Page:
Take the 2-minute tour ×
Stack Overflow is a question and answer site for professional and enthusiast programmers. It's 100% free, no registration required.

I'm writing app based on WebSocket networking using binary frames. I want to send values from Python server to JS client and back.

From what I know, values packed in more then 8-bits depends on endian when unpacking and packing. Unfortunately browser seems to be sending everything in little-endian and network is big-endian. So I read that the best idea is to pack all values into byte arrays so endian won't matter.

I wrote this function for javascript:

valueToByteArray: function(value, bytes_length) {
    var bytes_array = [];
    for (var i=bytes_length - 1; i>=0; --i) {
        conjunction_val = 0xFF << i*8;
        shift = i*8;
        bytes_array.push((value & conjunction_val) >> shift);
    }
    return bytes_array;
}

And I have tests for it:

test("Pack value to Byte array", function() {
    equal(
        BufferUtility.valueToByteArray(-2000000, 4),
        [255, 225, 123, 128],
        "Value packed OK"
    ); // fail returns [-1, 225, 123, 128], same function in python returns [255L, 225, 123, 128]
    equal(
        BufferUtility.valueToByteArray(4000000, 4),
        [0, 61, 9, 0],
        "Value packed OK"
    ); // pass
    equal(
        BufferUtility.valueToByteArray(0, 2),
        [0, 0],
        "Value packed OK"
    ); // pass
    equal(
        BufferUtility.valueToByteArray(-1, 2),
        [128, 1],
        "Value packed OK"
    ); // fail returns [255, 255]
});

But only second and third test pass, it seems to not work for signed values. I also checked this values on Python, and it looks like struct.pack('>h', -1) is \xFF\xFF. I don't understand it honestly. Since MSb is a sign bit, then shortint -1 binary should be imo 1000000000000001.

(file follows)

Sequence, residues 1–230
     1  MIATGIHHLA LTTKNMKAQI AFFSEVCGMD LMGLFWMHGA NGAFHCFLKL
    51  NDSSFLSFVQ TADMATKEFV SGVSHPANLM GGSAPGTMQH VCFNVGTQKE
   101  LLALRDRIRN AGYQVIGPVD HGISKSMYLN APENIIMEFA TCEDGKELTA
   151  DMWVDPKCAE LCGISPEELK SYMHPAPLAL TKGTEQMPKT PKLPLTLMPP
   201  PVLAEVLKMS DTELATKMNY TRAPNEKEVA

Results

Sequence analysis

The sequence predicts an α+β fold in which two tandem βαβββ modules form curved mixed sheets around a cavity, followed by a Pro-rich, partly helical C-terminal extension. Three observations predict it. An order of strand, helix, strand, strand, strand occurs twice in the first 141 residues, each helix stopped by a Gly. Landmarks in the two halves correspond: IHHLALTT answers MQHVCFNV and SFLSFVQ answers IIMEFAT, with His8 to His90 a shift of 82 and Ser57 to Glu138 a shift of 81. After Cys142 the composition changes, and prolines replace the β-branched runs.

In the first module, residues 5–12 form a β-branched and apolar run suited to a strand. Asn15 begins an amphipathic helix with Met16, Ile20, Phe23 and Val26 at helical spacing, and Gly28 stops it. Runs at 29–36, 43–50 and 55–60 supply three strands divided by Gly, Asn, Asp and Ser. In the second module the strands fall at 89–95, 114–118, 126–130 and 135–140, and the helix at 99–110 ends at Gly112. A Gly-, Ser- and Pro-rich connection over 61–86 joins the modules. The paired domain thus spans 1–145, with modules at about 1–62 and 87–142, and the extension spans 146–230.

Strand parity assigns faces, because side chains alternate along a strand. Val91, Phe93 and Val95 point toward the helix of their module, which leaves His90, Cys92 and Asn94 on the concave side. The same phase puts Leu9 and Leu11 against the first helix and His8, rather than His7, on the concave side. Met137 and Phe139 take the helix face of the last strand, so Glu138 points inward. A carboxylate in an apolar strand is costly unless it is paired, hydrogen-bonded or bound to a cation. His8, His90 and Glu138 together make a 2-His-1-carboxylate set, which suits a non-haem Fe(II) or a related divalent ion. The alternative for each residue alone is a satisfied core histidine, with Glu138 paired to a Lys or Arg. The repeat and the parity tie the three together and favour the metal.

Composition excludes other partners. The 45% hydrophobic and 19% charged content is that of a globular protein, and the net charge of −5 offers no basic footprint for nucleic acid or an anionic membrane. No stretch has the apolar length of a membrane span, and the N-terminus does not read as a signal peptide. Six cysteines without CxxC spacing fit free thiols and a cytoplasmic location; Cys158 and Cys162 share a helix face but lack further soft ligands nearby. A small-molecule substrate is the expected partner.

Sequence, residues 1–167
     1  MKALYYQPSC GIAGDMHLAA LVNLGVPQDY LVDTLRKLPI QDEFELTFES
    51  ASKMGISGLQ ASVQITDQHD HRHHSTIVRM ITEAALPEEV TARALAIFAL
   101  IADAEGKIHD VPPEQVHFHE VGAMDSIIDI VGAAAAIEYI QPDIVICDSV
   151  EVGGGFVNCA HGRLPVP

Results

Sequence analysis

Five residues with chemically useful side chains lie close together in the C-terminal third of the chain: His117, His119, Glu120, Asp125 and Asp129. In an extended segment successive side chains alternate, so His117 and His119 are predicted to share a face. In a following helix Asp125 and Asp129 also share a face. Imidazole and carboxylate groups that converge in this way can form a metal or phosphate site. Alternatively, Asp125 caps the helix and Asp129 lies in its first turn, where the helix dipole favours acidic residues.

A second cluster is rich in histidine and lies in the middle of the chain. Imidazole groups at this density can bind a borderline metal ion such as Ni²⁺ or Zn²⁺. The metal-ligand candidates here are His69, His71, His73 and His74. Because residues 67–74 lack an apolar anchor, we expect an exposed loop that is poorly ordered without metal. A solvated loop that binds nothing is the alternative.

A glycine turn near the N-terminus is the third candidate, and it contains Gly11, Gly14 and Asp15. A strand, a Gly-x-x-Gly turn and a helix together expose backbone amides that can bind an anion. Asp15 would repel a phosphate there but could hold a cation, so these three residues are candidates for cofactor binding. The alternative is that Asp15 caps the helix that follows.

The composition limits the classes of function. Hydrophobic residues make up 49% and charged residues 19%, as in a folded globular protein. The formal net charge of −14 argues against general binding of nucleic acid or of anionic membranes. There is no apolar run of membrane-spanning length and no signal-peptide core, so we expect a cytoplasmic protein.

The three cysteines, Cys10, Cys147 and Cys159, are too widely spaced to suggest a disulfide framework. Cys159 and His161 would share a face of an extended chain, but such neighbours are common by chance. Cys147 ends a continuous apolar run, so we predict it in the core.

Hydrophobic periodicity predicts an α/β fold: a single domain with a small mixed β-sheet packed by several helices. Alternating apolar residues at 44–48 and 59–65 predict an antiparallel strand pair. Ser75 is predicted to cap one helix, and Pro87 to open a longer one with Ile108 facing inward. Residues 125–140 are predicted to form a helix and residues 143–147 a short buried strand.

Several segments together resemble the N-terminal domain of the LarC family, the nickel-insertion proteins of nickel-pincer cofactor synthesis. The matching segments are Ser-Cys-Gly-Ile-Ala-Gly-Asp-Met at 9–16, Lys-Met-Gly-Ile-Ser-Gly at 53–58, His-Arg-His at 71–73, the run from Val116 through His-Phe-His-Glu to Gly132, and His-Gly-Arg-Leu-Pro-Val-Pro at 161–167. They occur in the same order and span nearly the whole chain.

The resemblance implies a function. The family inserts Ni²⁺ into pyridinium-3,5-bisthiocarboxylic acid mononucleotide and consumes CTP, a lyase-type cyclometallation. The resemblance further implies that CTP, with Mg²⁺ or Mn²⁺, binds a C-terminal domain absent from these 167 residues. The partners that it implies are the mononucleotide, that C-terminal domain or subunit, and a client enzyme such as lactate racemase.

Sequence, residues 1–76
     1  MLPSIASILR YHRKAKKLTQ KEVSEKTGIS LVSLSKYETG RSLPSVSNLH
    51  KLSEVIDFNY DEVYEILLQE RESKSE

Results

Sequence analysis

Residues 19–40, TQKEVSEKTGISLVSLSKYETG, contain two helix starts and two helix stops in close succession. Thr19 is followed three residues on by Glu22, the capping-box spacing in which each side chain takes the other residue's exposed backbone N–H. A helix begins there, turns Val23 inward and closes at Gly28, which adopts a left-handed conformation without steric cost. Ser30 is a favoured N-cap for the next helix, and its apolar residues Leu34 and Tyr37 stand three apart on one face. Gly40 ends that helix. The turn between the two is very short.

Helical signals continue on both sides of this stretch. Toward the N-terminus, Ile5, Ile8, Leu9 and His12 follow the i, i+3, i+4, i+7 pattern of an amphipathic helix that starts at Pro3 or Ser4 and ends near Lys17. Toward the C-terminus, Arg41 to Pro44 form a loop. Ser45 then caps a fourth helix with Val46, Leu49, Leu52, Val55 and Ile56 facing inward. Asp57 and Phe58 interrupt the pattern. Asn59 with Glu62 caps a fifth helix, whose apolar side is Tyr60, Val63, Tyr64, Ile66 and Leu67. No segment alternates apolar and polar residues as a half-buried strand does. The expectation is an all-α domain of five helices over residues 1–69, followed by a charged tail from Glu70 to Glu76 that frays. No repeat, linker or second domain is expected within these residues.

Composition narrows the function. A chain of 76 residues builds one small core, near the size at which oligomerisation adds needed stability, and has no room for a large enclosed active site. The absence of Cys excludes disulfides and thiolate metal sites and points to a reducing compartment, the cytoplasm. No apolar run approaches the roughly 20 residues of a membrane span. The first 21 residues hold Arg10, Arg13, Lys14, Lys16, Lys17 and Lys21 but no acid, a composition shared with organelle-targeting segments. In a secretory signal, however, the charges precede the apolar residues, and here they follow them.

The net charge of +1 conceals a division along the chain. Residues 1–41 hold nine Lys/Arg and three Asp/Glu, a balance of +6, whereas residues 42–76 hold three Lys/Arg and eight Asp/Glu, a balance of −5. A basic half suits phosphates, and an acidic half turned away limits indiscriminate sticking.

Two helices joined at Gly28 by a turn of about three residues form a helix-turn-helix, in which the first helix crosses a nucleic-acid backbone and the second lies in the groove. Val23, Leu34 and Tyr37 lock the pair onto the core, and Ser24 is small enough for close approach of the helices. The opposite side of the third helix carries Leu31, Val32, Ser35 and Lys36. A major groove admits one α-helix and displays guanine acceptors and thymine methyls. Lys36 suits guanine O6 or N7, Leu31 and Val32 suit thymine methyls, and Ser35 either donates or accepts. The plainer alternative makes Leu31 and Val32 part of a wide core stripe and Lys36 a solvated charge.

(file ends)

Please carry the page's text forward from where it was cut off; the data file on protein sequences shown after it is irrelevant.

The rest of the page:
What am I doing wrong and maybe is there a better way to fix issues with endian?

share|improve this question
1  
It is two's compliment. en.wikipedia.org/wiki/Two%27s_complement –  Dark Falcon Feb 20 '13 at 15:03
    
Ok, I get now how it is calculated, but why javascript returns [-1, 225, 123, 128] in the first test while in python it returns [255L, 225, 123, 128]? I suppose js somehow remembers that this value is signed and shows -1, but how can I cast it to unsigned value? –  Rafał Łużyński Feb 20 '13 at 15:12
    
Or maybe I just shouldn't care what it shows since binary it's the same. But I need to know it beforehand for unittests. –  Rafał Łużyński Feb 20 '13 at 15:24

1 Answer 1

up vote 1 down vote accepted

I got this code from #javascript on Freenode an it suprisingly works, even that it does exactly the same thing in different way :|

function valueToByteArray(value, bytes_length) {
    var bytes_array = [];
    while (bytes_length > 0){
        var byte = value & 0xFF;
        value >>= 8;
        bytes_length--;

        bytes_array.push(byte);
    }
    return bytes_array.reverse();
}

console.log(valueToByteArray(-2000000, 4));
<< [255, 225, 123, 128]
share|improve this answer

Your Answer

 
discard

By posting your answer, you agree to the privacy policy and terms of service.

Not the answer you're looking for? Browse other questions tagged or ask your own question.